We’re now six months after the Great Eastern Japan Earthquake, and it’s time to look back on something so many foreign reporters talk about. In the days following the disaster, people were helping each other out, waiting in long lines for food, water, and gas, and were basically being what the foreign media (FM) thought was impossible – patient and calm. There are endless accounts of generosity towards strangers, and it seemed like everyone in Japan was looking out for one another. The question on everyone’s mind was “why,” considering the chaotic behaviour the world has witnessed in recent years. I offer an additional answer that it seems like everyone missed because… as you’ll see… you had to be there.

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Tokyo Likely to Get a Big Earthquake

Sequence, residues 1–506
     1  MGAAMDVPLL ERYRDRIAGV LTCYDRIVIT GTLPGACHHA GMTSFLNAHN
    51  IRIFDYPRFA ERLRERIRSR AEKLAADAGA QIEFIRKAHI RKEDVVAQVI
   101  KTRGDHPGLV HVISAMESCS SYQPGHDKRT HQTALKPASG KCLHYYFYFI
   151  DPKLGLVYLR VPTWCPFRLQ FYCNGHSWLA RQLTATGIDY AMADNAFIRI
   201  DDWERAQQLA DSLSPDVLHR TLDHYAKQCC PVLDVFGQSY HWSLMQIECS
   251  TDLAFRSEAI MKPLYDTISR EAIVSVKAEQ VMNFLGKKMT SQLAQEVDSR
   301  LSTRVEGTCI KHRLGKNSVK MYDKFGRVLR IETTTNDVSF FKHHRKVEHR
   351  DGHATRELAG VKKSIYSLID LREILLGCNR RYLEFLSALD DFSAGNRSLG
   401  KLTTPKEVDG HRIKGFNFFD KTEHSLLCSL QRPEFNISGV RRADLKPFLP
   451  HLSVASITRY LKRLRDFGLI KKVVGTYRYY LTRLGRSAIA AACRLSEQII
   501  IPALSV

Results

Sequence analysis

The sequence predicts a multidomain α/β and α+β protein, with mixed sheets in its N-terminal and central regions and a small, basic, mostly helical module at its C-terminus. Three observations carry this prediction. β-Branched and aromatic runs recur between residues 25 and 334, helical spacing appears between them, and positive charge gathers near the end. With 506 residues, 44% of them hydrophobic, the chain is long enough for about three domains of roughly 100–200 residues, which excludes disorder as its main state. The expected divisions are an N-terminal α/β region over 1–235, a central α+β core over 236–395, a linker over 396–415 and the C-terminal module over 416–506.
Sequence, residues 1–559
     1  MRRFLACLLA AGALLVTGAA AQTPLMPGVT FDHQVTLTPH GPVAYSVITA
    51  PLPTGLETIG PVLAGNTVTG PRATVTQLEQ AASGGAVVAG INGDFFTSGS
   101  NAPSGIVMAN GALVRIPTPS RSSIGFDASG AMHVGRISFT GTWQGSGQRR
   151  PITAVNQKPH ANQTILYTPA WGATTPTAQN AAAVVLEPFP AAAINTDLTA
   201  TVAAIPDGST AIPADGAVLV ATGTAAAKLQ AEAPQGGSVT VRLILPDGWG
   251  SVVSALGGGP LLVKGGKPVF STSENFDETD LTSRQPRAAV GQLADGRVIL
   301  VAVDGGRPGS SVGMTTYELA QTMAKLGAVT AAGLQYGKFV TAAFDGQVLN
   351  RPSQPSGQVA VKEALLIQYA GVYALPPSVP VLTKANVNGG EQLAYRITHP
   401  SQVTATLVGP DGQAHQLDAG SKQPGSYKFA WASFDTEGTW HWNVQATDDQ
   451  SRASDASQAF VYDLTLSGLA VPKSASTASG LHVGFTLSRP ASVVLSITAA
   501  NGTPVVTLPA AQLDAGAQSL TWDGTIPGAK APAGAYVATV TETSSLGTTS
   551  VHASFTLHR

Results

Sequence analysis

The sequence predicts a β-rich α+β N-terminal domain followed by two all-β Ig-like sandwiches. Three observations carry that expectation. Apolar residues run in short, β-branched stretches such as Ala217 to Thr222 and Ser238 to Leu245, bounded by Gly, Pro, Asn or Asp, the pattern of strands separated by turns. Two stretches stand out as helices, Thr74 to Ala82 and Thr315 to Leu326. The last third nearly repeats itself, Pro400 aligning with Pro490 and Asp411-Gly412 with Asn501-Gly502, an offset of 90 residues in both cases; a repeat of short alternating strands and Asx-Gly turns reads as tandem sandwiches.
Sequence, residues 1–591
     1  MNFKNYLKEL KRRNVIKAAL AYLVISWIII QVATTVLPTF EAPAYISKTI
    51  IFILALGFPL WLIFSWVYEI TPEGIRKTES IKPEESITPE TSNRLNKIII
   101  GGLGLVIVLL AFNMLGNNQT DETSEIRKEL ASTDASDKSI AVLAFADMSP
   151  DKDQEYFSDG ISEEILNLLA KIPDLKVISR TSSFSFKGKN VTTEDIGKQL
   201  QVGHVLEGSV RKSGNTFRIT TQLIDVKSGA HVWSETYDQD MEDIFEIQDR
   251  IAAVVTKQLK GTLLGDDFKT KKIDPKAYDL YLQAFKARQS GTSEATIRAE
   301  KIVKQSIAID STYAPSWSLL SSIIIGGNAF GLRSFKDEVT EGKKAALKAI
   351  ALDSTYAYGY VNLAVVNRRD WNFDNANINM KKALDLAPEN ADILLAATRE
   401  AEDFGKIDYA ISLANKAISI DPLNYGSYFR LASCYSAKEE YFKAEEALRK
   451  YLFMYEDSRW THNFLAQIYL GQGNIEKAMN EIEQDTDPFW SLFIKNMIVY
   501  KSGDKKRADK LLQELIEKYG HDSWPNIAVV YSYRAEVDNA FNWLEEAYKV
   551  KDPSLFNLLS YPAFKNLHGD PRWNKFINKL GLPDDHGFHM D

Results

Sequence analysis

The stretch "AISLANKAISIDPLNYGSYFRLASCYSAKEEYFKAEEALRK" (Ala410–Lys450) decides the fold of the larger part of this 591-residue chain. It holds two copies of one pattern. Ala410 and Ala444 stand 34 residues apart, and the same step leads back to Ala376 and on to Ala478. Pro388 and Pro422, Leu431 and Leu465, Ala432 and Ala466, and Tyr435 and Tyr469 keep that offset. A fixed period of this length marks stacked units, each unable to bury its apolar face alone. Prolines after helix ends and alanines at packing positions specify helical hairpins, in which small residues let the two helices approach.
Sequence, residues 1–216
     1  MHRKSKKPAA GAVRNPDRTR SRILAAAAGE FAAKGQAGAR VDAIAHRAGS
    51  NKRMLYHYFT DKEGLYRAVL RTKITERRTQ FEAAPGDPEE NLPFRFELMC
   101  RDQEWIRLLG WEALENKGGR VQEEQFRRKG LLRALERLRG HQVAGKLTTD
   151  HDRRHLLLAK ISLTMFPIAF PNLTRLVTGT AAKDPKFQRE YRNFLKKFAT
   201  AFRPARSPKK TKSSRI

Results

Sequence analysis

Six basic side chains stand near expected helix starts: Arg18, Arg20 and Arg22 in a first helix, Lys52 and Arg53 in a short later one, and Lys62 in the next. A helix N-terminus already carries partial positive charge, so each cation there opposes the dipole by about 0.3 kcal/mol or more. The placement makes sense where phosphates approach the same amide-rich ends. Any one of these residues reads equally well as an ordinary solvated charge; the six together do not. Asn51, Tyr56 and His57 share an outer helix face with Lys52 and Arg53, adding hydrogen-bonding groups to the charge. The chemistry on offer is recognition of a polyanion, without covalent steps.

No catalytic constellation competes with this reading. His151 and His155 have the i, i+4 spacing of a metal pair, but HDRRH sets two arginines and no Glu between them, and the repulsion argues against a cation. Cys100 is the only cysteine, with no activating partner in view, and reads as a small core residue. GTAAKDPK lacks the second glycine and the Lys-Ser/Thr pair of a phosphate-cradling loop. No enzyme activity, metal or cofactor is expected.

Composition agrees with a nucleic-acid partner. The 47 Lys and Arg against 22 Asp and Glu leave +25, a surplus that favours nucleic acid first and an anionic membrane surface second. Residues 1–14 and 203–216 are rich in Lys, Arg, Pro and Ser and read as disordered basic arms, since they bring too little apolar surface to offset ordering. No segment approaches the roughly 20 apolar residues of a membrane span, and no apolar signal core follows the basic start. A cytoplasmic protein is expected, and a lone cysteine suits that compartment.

At the risk of sounding like I’m sensationalizing things… Tokyo is at risk. This is a metropolis that houses around 35 million people (even more than the entire population of Canada, the 2nd biggest country in the world) and I do seriously fear for the safety of people in the area. The Great Eastern Japan Earthquake of March 11 was damaging not because it was perhaps the biggest earthquake in Japan’s history (it at least the biggest since Japan started recording earthquake data), but because it triggered the tsunami that killed tens of thousands. In truth, the earthquake probably only killed hundreds, and many of those were in Tokyo. Now, scientists are saying that Tokyo is at risk for a massive earthquake right under its feet. That has got me worried.